With most of Miami shut down as Hurricane Irma looms, many are left questioning what to do with cold and frozen food stocked inside fridges and freezers before the lights go out.
New Times spoke to five local chefs about what to do with perishable goods, from pickling vegetables to cooking pasta, chicken, and pizza, which can later be eaten cold.
1. Richard Hales, best known for his restaurants Blackbrick, Sakaya Kitchen, and Bird & Bone, recommends preparing as many meals as possible before potential power outages. He suggests using leftover burger patties to whip up spaghetti and meat sauce; grill any frozen meats, such as steak or chicken; cook up pancakes or waffles, which can be frozen and later defrosted to eat at room temperature; and have fruits and vegetables on hand. Before you pick up a protein bar, keep in mind that
2. James Seyba, former executive chef at
3. If you're into pickles or any other pickled vegetables, you're in luck. Pablo Zitzmann Sicard, executive chef at Chopsticks Restaurant Group, suggests pickling vegetables such as cucumbers, carrots, or cabbage. Any vinegar can be used to pickle a vegetable, but Sicard prefers rice wine vinegar, if available. The ratio is two cups vinegar to a half cup sugar. For example, place two cups of vinegar and a half cup of sugar inside a pot, bring to a boil, turn off, and then pour onto whatever you want to pickle and store tightly inside the refrigerator.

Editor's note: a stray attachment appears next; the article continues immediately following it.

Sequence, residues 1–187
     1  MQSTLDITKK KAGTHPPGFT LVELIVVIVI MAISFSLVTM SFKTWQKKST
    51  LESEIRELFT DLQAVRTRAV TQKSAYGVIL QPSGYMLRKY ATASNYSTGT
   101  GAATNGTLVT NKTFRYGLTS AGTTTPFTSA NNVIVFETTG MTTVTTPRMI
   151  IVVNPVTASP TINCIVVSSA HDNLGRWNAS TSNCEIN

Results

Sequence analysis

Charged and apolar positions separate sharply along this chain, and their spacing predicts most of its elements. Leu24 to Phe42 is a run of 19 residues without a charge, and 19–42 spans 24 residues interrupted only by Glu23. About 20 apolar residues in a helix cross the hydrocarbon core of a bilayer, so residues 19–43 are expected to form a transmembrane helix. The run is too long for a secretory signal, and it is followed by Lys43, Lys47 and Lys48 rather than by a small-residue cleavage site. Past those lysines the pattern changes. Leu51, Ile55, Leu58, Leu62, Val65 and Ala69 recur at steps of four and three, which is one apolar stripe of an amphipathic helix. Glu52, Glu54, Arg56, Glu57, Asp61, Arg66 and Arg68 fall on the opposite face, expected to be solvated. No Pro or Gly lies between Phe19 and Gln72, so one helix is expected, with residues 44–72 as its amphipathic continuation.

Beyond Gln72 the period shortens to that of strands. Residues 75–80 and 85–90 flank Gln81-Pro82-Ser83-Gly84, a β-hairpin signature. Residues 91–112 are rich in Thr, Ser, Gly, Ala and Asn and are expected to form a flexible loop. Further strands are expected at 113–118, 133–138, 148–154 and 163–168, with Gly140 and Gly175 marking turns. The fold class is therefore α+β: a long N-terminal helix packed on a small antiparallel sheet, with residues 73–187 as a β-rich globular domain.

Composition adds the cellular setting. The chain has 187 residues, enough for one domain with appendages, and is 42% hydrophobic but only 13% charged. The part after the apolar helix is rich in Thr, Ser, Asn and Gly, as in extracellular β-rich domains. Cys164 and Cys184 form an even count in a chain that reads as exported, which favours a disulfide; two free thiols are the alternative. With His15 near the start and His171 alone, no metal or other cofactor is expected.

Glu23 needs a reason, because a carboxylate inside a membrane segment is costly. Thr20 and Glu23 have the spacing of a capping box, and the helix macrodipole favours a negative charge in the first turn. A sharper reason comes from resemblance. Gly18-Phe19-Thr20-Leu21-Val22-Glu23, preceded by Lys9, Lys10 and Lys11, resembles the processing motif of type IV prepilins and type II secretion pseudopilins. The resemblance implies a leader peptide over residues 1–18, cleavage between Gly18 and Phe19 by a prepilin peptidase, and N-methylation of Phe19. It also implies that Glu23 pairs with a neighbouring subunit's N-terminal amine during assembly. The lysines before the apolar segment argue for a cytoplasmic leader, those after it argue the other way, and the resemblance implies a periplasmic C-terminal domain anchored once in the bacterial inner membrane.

4. Meat Market's Sean Brasel dehydrates meats as a way to preserve some of his product and
5. If you are able to get your hands on a small generator, Bernie Matz, Menin Hospitality's corporate culinary director, says go for it. "It's usually enough to run a television, refrigerator and a crock pot or microwave." If you don't have one, he suggests filling a large cooler with ice and storing prepared food. In addition to stews and soups, he recommends making large rice dishes, using vegetables, meats, and spices.
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